Stream thousands of movies, including hundreds of Criterion Collection titles, for free? And all you need is a library card? Surely, it can’t be this simple, right?
It is. More than 200 public library systems in the United States have teamed up with the streaming platform Kanopy to bring some 30,000 movies to library cardholders, free of charge. Kanopy’s emphasis is on documentaries and international films, all of which can be streamed on your computer, through a Roku box or on iOS and Android phone apps.
Be careful not to plan a mega binge-watch just yet, though. Each library imposes its own limit to the number of free movies a single cardholder can watch each month, from three to 20 titles per card, a spokeswoman for Kanopy said. Once they’ve registered their library cards with Kanopy, viewers can keep track of how many movies they have left in the upper right-hand corner of the onscreen interface. The limit for New York Public Library cardholders is 10 free movies a month, while Brooklyn Public Library allows six. Outside of New York, Los Angeles County libraries, for example, have a 10 movie limit.
But where should you start? First, grab your local library card and then go online and see if your branch offers Kanopy. Browse its immense catalog, and use this (admittedly limited) list as a starting guide:
Kanopy has an extensive library of classic films, from silent-era shorts to groundbreaking international features. (It doesn’t, however, include many options from Hollywood studios.) You can choose based on genre or country of origin, but you can also browse by collection, including Criterion, which largely offers international movies; Flicker Alley, which veers into silent cinema and Avant-garde films; and Shout Factory, which offers an eclectic array of movies from the 1930s to the present day.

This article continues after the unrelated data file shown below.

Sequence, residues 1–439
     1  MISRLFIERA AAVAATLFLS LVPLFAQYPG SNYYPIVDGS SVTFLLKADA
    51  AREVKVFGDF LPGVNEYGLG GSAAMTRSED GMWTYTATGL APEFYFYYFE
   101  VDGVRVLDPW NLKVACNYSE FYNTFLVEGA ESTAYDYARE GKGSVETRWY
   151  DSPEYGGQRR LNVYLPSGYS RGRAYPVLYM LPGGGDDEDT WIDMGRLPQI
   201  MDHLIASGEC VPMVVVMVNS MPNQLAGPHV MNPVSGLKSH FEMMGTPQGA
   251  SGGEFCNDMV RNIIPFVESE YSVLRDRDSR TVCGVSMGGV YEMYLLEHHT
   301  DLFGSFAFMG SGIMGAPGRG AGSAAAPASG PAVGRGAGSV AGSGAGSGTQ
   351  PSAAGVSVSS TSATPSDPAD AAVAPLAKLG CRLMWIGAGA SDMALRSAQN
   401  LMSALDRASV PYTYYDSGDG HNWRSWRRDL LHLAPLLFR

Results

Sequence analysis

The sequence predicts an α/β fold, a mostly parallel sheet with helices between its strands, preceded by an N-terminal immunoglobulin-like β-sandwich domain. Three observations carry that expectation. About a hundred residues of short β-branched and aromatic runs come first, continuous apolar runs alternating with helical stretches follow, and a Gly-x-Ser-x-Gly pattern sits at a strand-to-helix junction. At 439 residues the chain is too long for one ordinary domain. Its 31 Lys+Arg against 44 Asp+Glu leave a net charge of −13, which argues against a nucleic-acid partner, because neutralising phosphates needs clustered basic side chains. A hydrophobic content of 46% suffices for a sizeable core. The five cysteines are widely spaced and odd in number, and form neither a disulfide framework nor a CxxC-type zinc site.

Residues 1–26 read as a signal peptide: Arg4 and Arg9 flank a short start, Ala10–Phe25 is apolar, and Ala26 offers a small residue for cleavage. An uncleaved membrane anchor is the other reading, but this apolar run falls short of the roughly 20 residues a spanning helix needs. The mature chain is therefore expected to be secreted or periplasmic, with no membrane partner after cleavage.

Satyajit Ray’s gentle 1955 drama about the day-to-day life of a young boy growing up in rural India (Subir Banerjee) feels almost like an observational documentary as it follows the boy and his family through hard times. The film’s naturalistic style carries over to its two sequels, “Aparajito” and “Apur Sansar,” which trace the boy’s life into adulthood.
Before music videos became all the rage in the ’80s, performers like Elvis and the Beatles experimented with feature-length movies that also featured performances. Unlike the Elvis-as-heartthrob movies, this 1964 film debut from the Beatles was less about the Fab Four’s sex appeal than about the band’s quirky personalities. Think Monty Python instead of “Jailhouse Rock.” The Beatles gleefully lampoon their image and the celebrity craze that sprung up around them.
This moody film noir is perhaps not as stylish as some of its glamorized counterparts, like “Out of the Past” or “Gilda,” but “The Naked City” is an impressive police procedural that influenced TV cop shows for years. Filmed on location in New York City — a rarity back in the studio era — the movie follows two detectives who are trying to solve the murder of a former model. Their pursuit takes them down the real grimy streets of a postwar New York City instead of Hollywood sets. As the voice-over so calmly sums it up: “There are eight million stories in the Naked City. This has been one of them.”